Budgets! We all have them (or should have them) and following them can be an issue at times. Some tournament anglers are sponsored, but even they still have a budget they have to follow. It doesn’t matter if your budget for the season is in the tens of thousands or in the hundreds, we all have the same questions and issues; and we all must make the same tough decisions when it comes to our seasons. What I will talk about here is my thought process as I go about allocating my budget for the season. I will discuss the tough decisions I make, sacrifices I decide are worth it, and how I weigh the pros and cons of various items. These are my personal decisions. They may not apply to you, and you may make the opposite choices. That’s OK. I just hope that this article may help you see more sides and maybe take more things into consideration when you sit down to make your fishing budget.
Let’s start at the beginning. First thing is first is you need to determine your total budget, and it’s important to be realistic! How much can you truly afford to spend this season? Look at your income, talk it over with your family, and set a number. I’ve found it helps to also break that down into months! If you set a season budget of $2,000 and go out and spend $1,800 in April and May, you’ll be out of funds by the time summer rolls around. One helpful tip is to use your direct deposit to your advantage. I have a dedicated account for fishing expenses. A small amount is deposited every paycheck directly into that account and the rest into my normal household account. This gives me a steady stream of money for fishing expenses.
So you have your total budget set. You know how much money is coming in, and when it comes in (per paycheck, monthly allowances, Tax returns, etc.). What’s next?
Before you go spending anything you need to take stock of what you have! Inventory your tackle, your rods, reels, boat accessories, etc. right down to counting how many packages of each plastics you have. This will be especially helpful once you start to do it each year. You can start to determine how much tackle you actually go through in a year, and that will help dial in a true cost for tackle replacement.
Now that you know what you have, the fun part comes! Time to start making lists. This is where you can go wild. List EVERYTHING you want or want to do and the associated cost. You want a new Ranger Bass Boat? Put it on the list! You want to replace your entire collection of rods with FX Custom Rods? Put it on the list! You want to spend a week fishing in Florida before a tournament? On the list it goes! I break my lists down into six categories in a spreadsheet (makes the math that comes later easier). My categories are:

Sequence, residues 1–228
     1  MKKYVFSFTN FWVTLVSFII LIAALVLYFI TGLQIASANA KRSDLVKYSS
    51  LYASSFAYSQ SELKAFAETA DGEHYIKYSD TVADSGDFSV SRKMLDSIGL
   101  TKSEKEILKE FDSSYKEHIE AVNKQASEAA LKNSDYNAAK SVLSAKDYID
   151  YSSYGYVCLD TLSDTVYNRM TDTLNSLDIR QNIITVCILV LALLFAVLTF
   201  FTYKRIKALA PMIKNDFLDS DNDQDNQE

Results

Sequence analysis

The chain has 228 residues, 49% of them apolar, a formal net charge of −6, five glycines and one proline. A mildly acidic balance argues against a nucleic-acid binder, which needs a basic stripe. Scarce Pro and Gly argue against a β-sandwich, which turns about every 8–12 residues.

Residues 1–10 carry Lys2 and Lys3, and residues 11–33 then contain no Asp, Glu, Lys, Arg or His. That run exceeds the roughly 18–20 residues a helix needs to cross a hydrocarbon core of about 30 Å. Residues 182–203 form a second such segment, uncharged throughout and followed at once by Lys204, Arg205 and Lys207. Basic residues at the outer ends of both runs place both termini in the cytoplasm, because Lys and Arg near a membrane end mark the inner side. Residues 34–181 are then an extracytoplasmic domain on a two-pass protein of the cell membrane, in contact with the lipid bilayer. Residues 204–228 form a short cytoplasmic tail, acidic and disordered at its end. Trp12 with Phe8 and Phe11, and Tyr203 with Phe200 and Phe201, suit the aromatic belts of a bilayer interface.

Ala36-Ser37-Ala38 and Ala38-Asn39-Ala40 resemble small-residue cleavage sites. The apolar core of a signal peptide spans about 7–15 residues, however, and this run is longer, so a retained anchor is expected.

- Tackle – This is for new baits, lures, line, storage trays, tungsten, etc.
- Rods/Reels – This category is for new, or upgrades to my rod and reel set-ups.
- Kayak – This is where I would put accessories like rod holders, carts, krates, nets, electronics, mounts, etc.
- Apparel – Fishing jersey, shirts, sunglasses, sunscreen, boots, etc.
- Tournaments/Trips – This is a complicated one. For each trip or tournament you want to take, you must figure out the total cost. Make sure to take into account fuel, tolls, food, lodging, entry fees, out of state licenses, launch fees, etc.
- Transportation – This is for things like new kayak racks for the SUV, Rod Tubes, Trailers, RVs, maybe a dedicated tournament van or box truck.
Once you’ve completed the list, just for fun, total it ALL up! Did you just have a minor conniption? Probably need to hit the PowerBall to afford it all. But that’s why we are doing this exercise because next comes the sad part, paring the lists down to fit your budget.
I like to start by going into each category and first identifying items that are a true need. Do you need a new boat? Well if your old one is leaking then maybe, but chances are it’s still serviceable. If you lost a rod overboard, replacing it may be a need if it was a technique specific rod that you use a lot. Replacement tackle is a big need, you can’t fish without it. Kind of hard to throw a Texas rig if you’re all out of worm weights. Bottom line is this first group of items should be things you can’t actually go fishing without.